Last week I tragically had to put down my beloved cat Huxley, after fifteen and a half wonderful years together. She was a faithful friend and companion and her absence has left an awful whole in our lives. She wasn’t a normal cat, and as I’m not really a cat person, that worked well. I liked to call her cat-dog after a kids cartoon that used to be around. She always followed me around the house and not just for food; she’d wait at the window for me to come home from work; she’d lick me incessantly for hours if I’d let her. She craved human interaction and I adored her for it.
I rescued Huxley when I was twenty four years old, a lifetime ago now. Her litter was found in a tree hollow in the bush and was transferred to the Swan Cat Haven. I named her after, no not Aldous Huxley the author, but his grandfather, Thomas Henry Huxley, who was a major supporter of Charles Darwin…yes, I’m a nerd, I know that already! She has been there for me through all the heartache and the joy of my adult life. The comforter of disastrous romances in my twenties, when I’d drink a bottle of wine and cuddle her watching crappy romance movies, blubbering away. To the joy of settling down and having my girls. She was always gentle with everyone, even when my girls were loud and a bit rough with her.
She definitely used up her nine lives though. When she was still only little, I once came home from work to find her dangling by her collar from a tree branch in the back yard…she was lucky that day. Though the very worst accident/near death experience occurred two days before my wedding when she was eight years old. She always loved curling up in dark warm places and therefore decided that our neighbours car engine was the perfect place for a nap…needless to say she was wrong! Miraculously she survived, but lost a part of her bottom jaw and nearly lost a rear leg. They told me then that she probably wouldn’t last very long, due to her injuries. To spite the vet she flourished and endured, though she had a very endearing feature of hanging out her tongue, as her jaw didn’t keep it inside her mouth. Though towards the end the arthritis in her back legs bothered her a lot.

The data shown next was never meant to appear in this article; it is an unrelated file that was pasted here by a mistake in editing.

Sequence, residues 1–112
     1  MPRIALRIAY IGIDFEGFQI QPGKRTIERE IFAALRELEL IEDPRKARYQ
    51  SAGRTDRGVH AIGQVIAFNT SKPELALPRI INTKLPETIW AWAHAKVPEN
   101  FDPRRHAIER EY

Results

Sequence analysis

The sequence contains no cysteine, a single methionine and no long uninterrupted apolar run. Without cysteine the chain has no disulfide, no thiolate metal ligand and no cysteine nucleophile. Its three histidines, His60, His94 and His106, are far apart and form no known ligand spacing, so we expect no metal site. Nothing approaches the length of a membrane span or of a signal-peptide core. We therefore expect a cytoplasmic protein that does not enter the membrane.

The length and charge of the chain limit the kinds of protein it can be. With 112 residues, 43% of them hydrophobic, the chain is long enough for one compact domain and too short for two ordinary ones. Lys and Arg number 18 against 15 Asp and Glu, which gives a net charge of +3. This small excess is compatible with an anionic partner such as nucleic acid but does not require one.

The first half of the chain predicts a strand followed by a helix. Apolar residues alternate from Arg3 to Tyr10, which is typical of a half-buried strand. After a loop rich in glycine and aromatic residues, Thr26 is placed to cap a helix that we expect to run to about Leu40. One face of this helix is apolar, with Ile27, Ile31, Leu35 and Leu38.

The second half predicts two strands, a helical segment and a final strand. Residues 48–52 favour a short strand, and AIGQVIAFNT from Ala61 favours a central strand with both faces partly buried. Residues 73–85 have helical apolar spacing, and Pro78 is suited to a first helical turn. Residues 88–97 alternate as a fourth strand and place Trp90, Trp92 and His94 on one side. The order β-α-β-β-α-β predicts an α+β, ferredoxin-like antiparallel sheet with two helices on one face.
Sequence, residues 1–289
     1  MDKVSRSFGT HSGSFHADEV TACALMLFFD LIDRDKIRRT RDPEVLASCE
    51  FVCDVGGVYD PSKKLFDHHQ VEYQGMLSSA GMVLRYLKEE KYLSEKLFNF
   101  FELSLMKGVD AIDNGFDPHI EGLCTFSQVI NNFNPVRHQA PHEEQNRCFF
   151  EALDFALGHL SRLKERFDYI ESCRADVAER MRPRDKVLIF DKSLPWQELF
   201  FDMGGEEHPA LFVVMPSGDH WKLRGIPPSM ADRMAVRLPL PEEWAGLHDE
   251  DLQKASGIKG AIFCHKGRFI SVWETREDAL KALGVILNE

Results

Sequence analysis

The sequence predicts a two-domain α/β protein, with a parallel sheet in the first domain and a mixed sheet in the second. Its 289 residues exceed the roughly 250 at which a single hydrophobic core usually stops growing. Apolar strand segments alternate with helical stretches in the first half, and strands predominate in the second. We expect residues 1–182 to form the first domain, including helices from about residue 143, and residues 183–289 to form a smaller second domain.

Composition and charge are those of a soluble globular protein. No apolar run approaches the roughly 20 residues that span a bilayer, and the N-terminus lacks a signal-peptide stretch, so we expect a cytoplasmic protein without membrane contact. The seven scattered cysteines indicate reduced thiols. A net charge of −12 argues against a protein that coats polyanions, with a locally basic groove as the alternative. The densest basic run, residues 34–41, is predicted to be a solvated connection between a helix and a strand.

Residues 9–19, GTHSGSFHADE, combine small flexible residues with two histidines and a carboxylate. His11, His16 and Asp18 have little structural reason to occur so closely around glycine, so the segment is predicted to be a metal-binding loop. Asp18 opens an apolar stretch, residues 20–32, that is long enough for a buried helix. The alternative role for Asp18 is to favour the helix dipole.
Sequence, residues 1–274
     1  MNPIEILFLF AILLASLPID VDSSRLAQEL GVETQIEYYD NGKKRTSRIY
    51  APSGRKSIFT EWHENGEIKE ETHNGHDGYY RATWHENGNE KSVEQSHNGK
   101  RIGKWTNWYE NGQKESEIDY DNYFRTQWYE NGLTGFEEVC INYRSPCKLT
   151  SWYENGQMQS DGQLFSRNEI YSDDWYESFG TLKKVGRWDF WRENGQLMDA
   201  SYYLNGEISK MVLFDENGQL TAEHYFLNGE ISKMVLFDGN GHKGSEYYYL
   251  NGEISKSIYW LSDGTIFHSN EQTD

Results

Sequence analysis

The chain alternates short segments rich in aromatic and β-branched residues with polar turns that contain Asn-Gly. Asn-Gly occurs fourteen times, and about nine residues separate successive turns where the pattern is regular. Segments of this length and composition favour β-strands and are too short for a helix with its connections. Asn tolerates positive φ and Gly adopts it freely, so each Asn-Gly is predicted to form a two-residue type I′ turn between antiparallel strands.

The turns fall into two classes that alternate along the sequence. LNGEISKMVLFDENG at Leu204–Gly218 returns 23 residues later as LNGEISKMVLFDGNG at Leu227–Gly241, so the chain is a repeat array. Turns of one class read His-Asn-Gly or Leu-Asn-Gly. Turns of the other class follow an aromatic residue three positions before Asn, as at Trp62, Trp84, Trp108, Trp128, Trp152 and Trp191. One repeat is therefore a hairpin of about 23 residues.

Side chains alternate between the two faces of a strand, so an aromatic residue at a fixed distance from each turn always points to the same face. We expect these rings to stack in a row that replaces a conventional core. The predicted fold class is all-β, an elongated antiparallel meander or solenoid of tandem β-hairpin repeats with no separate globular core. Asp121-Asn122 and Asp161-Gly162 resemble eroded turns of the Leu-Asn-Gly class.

I’ll miss her companionship and warmth. She was a gentle furry friend, who loved to be scratched behind the ear and on her tummy. Who loved eating popcorn and was hopeless at attacking anything larger than a lizard…that was a good thing! She had an intense green eyed gaze which always showed her displeasure when being shoved outside. Huxley was the best cat I’ve ever met, and because of her, I would contemplate getting another cat in the future, though none could ever replace my beloved cat-dog.